At the end of its life, the soil under the bottom and around the sides of a seepage pit has become clogged all the way
up to near the very top of the pit. Then it's time to dig a new one.
Damaged or Collapsing Drywells, Cesspools, or Seepage Pits
When a contractor accidentally damages a seepage pit,
such as when the dump truck shown in the photo above collapsed a seepage pit cover,
the best repair would be to excavate the pit and repair any damaged components.
If only the top were damaged it could be replaced.
If the sides of the drywell were damaged on a site-built pit (such as one constructed of large stones or of concrete blocks),
it may need to be rebuilt.
If a damaged drywell or seepage pit is also already near the end of its life
(static liquid level near the pit top) it would make more sense to fill it in and relocate a new pit.
One correspondent wrote that after the truck (in the photo) collapsed her seepage pit cover, the contractor
"repaired" the system by partially filling it in with gravel, saying that this would make no difference or would
even improve the system. Now I've seen a few drywells that were filled with large rubble as insurance against
having the sides collapse inwards. But I'm not sure I agree with the contractor.
If instead of a rebuild the contractor dumps gravel into the pit s/he may be simply covering up debris which fell into the
pit when it was damaged - the broken cover or other components. By filling the pit and reducing its liquid volume capacity,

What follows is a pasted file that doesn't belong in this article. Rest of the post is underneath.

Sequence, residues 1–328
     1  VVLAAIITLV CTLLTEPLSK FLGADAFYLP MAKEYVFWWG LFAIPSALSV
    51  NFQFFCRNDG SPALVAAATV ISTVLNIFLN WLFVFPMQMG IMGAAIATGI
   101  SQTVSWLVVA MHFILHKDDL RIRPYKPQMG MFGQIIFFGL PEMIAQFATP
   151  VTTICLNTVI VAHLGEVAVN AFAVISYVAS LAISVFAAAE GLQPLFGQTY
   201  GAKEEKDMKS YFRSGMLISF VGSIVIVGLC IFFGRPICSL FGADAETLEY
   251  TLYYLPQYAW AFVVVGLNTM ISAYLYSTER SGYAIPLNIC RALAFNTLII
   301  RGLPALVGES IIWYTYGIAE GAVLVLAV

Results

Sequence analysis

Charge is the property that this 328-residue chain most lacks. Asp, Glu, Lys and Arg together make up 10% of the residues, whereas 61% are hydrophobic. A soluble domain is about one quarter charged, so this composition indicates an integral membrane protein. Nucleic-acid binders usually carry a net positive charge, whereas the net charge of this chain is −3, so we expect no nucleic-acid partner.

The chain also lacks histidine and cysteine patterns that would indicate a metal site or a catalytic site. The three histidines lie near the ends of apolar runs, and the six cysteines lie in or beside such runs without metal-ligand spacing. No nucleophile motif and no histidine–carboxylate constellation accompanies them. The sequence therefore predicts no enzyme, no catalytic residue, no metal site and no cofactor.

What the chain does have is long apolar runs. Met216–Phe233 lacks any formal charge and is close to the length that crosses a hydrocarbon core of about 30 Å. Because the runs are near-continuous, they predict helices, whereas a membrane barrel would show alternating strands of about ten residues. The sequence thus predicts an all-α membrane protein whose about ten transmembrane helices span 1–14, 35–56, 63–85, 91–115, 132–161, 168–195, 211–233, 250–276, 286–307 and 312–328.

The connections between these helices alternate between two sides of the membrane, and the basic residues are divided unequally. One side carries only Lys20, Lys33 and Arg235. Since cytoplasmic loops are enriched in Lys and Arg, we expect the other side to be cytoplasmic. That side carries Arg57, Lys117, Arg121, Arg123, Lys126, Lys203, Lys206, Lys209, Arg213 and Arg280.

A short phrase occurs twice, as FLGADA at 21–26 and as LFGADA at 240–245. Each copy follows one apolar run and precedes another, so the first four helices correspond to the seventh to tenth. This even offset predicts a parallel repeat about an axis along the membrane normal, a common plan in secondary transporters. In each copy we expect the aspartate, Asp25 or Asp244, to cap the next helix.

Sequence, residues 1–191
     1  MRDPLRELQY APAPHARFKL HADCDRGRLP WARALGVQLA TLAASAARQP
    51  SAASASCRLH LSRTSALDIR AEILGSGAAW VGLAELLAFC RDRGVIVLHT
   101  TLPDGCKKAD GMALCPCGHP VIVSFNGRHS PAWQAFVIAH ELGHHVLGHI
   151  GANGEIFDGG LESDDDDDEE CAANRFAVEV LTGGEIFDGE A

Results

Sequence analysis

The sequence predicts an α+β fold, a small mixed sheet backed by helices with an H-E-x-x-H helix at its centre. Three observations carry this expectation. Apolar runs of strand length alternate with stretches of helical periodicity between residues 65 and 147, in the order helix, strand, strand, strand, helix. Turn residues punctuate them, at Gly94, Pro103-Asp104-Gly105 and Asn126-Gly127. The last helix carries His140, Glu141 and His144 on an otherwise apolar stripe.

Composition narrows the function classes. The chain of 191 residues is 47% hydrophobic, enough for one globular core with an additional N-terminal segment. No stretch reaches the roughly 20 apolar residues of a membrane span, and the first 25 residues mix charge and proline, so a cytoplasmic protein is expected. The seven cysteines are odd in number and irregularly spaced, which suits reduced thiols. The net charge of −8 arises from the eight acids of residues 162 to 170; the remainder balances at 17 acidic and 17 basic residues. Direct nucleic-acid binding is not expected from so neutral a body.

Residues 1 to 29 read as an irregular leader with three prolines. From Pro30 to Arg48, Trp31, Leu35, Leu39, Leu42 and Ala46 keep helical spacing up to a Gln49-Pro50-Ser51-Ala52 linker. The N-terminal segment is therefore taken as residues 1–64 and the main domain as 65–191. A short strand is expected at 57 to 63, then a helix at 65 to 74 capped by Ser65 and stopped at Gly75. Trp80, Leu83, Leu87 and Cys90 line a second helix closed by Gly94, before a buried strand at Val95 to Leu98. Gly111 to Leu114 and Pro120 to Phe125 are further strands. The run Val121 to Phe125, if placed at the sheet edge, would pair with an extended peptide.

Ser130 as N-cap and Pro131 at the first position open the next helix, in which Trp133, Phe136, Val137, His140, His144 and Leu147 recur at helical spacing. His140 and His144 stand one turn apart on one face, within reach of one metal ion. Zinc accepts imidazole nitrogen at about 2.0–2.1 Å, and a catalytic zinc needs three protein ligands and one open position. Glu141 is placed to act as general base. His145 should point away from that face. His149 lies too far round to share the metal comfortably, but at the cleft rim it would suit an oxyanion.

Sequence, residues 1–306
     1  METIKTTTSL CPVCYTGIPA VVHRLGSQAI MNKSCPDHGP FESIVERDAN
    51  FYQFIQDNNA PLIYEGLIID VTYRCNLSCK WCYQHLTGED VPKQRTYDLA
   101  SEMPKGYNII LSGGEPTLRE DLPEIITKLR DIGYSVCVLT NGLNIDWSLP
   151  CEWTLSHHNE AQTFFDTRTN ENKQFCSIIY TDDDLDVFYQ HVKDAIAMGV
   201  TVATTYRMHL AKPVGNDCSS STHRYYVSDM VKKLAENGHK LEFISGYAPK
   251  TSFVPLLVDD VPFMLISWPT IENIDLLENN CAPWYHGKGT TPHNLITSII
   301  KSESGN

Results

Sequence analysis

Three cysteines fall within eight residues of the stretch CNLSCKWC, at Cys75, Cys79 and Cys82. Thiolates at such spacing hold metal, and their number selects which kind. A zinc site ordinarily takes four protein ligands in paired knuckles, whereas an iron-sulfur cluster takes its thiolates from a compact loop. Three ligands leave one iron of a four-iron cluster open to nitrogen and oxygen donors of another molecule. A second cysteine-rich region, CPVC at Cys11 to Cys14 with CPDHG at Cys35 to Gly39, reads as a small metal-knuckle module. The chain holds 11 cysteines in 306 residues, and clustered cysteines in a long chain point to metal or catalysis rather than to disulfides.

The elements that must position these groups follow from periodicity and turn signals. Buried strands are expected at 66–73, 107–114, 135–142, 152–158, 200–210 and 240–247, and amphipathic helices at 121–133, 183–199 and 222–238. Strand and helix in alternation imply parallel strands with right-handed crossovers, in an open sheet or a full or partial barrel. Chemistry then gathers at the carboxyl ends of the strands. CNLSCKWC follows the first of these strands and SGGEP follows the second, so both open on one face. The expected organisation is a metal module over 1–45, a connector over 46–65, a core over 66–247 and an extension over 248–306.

we are forcing effluent to exit the pit higher on the pit's sidewalls and thus moving it more quickly to the end of its life.
So filling in a seepage pit with gravel both reduces its capacity to receive, buffer,
and then dispose of effluent (you have less septic system capacity) and probably shortens its remaining life.
Builder's Guide to Wells and Septic Systems, Woodson, R. Dodge: $ 24.95; MCGRAW HILL B; TP;
Quoting from Amazon's description: For the homebuilder, one mistake in estimating or installing wells and septic systems can cost thousands of dollars. This comprehensive guide filled with case studies can prevent that. Master plumber R. Dodge Woodson packs this reader-friendly guide with guidance and information, including details on new techniques and materials that can economize and expedite jobs and advice on how to avoid mistakes in both estimating and construction. Chapters cover virtually every aspect of wells and septic systems, including on-site evaluations; site limitations; bidding; soil studies, septic designs, and code-related issues; drilled and dug wells, gravel and pipe, chamber-type, and gravity septic systems; pump stations; common problems with well installation; and remedies for poor septic situations. Woodson also discusses ways to increase profits by avoiding cost overruns.
Country Plumbing: Living with a Septic System, Hartigan, Gerry: $ 9.95; ALAN C HOOD & TP;
Quoting an Amazon reviewer's comment, with which we agree--DF:This book is informative as far as it goes and might be most useful for someone with an older system. But it was written in the early 1980s. A lot has changed since then. In particular, the book doesn't cover any of the newer systems that are used more and more nowadays in some parts of the country -- sand mounds, aeration systems, lagoons, etc.